5. To eat, remove a leaf from the artichoke bulb, dip in olive oil (or not) and scrape the meaty part of the leaf off with your teeth. Discard the rest of the leaf. (Once down to the inner part of the artichoke, the small, inner leaves should be tender enough to be eaten whole.)

Eating an Artichoke: Preparing the choke
6. At the center of the artichoke, remove the remaining tiny, spiky leaves. Use a spoon to scoop out the fuzzy hairs in the center of the heart (the "choke").

Eating the Choke!

7. Cut the choke into pieces. (Careful. It will be hot.) Sprinkle with a bit of lemon juice and olive oil (or not), and eat and enjoy.
How to 'pair' with a beer, and which? That choice is, bien sûr, up to you (although I might —gasp— grab a Chablis or unoaked Chardonnay).

VeggieDag Thursday
In communion with the fine people of Ghent, Belgium, #VeggieDag Thursday (DonderDag) is a series of occasional Thursday posts on an animal-free diet and the ecology.


Wednesday, July 04, 2018

How much beer do Americans consume during their Independence Day holiday?

A lot.

4th of July Beer Sales
  • According to the Nielsen Company, Americans purchased $648 million dollars of "domestic premium beer" and $248 million of 'craft' beer in "off-premise channels" (in non-jargon, that's "in stores") during the two weeks around the 2017 Fourth of July holiday (from 25 June through 8 July 2017).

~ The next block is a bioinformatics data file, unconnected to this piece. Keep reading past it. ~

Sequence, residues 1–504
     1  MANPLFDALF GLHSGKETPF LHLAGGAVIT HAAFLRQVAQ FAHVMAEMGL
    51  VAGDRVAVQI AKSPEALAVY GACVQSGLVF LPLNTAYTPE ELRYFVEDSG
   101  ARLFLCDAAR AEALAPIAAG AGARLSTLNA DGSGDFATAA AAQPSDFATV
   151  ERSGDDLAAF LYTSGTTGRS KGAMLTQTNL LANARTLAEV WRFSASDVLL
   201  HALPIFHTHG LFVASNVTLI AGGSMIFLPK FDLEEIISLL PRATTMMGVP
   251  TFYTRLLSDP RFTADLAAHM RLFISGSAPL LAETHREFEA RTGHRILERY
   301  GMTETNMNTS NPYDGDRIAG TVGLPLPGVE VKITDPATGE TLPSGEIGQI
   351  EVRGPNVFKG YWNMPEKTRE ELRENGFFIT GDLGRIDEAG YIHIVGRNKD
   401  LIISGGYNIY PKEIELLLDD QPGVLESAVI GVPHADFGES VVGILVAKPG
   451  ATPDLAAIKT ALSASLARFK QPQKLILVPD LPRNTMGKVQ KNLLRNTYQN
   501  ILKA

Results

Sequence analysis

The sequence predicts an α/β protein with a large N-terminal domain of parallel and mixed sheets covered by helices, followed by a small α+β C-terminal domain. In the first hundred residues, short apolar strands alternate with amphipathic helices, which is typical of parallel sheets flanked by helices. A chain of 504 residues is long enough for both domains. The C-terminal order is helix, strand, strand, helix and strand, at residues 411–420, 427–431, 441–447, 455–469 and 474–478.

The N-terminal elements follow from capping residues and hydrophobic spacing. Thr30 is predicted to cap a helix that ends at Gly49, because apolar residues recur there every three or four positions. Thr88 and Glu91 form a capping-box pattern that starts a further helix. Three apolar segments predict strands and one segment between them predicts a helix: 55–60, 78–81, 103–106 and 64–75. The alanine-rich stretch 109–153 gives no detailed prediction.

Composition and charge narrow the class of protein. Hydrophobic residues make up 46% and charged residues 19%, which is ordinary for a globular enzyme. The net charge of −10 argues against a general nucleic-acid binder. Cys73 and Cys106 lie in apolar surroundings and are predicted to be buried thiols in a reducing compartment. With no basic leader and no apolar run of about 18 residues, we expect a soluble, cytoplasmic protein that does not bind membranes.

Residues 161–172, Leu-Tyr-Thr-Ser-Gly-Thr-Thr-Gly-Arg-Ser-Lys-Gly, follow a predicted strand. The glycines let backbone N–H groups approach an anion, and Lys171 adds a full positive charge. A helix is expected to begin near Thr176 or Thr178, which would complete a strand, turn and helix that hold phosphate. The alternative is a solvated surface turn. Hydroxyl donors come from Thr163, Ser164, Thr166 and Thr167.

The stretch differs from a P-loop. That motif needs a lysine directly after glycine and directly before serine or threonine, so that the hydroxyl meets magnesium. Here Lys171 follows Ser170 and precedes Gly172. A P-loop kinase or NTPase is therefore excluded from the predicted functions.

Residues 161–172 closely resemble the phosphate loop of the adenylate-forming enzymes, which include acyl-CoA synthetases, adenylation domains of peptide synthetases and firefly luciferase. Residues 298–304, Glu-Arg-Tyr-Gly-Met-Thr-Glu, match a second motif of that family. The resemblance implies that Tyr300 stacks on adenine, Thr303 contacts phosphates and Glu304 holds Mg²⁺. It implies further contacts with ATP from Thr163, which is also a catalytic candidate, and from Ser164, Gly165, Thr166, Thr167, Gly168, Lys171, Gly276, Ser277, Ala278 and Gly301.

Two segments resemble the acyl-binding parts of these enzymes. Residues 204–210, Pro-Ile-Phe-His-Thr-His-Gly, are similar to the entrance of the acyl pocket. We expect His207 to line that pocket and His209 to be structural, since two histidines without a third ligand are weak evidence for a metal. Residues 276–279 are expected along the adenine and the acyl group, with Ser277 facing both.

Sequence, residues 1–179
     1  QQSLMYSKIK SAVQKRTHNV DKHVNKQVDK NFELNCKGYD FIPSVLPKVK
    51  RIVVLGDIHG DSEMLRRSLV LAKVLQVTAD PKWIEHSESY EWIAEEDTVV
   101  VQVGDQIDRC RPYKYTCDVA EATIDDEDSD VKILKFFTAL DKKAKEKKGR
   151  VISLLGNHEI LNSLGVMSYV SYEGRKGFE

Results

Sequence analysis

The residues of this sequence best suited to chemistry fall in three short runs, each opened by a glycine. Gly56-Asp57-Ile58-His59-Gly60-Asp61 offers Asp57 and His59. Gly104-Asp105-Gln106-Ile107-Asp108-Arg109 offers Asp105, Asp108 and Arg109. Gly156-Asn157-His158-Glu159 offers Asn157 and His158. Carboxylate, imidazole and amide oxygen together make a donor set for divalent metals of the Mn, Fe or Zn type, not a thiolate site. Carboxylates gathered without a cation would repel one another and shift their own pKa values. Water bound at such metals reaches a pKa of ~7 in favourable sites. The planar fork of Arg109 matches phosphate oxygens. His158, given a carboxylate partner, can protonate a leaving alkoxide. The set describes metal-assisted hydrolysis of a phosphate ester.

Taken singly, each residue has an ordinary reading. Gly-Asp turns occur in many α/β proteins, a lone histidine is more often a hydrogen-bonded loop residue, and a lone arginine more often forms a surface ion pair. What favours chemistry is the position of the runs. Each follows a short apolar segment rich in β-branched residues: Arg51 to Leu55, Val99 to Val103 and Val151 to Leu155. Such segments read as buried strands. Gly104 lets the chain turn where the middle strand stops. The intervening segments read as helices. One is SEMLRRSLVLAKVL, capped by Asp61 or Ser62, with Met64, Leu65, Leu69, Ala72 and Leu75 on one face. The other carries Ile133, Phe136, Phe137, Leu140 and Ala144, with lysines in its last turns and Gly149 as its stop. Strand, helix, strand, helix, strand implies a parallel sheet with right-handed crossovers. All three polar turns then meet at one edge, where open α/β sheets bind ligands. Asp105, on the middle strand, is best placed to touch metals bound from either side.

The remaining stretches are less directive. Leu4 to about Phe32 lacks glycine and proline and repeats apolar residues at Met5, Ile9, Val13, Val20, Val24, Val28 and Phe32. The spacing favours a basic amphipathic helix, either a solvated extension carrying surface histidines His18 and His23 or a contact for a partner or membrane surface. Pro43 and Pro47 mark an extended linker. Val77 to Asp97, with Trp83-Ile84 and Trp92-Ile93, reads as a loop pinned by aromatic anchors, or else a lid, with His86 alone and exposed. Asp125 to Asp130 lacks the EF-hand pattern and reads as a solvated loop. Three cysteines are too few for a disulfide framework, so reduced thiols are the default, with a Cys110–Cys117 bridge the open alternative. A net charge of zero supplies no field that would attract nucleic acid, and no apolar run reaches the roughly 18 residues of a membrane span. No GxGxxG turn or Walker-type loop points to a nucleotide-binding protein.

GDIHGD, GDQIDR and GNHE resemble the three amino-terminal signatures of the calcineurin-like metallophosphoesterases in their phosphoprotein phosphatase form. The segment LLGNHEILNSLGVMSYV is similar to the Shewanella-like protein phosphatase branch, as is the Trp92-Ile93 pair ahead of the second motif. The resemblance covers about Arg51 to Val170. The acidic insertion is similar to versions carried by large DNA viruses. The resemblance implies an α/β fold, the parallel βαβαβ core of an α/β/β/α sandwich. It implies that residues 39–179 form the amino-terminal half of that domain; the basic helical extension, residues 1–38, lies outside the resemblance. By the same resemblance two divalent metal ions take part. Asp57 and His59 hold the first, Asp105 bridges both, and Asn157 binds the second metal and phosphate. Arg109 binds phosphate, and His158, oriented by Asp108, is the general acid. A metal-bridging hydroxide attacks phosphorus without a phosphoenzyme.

• In fact, the four-week period surrounding Independence Day in accounted for 8% of the beer industry’s overall annual sales for 2017. It is unclear whether this figure includes package sales in independent shops and at breweries...and what Nielsen considers 'craft' to be. And the total amount of beer sold and drunk would be much higher if on-the-premises sales (aka restaurants, pubs, and breweries) are added in.

  • According to WalletHub, Americans will spend $5.3 billion on food (partly for the 150 billion hot dogs they will purchase), $1 billion on beer, and $568 million on wine.

  • The National Retail Federation has a higher figure. They forecast that Americans will spend $6.9 billion on food for the 4th (down from a record $7.1 billion in 2017).

I'll be trying to do my part. Happy Independence Day.

Flamingo & flag


Tuesday, July 03, 2018

R.I.P., Brewer Mallon.

Proud Brewer Mallon This post will be updated.

I've just received terrible news about a great guy and brewer. Chris Mallon passed away on Sunday.

Chris was the original head brewer for Caboose Brewing, in Vienna, Virginia, which he shepherded from planning, in 2013, through its opening, in 2015, and until just recently.

Prior to that, he had been the Special Projects Brewer at Heavy Seas Beer in Baltimore, Maryland. Or, as he put it: "the Cask & Barrel Kemosabe."

Since leaving Caboose, he was said to be pursuing another brewery project in the area.

Rest in peace, Brewer Mallon.


Sunday, July 01, 2018

Four million and counting

In 2006, I began posting photographs and images to Flickr, an online image hosting service. As of this morning, my 46,478 photos and images have been viewed 4 million times. Which works out to approximately 875 hits per day.

Every Saturday since August 2009, I've chosen one particular photo to highlight, as Pic(k) of the Week, here at YFGF. They've usually been of beery content, but less so recently. (Since April 2012, I've also uploaded photos to Instagram, 409 times.)

Here's an early photo, taken in 2006, with a Canon PowerShot SD400 (a point-and-shoot compact camera):

February Blizzard 2006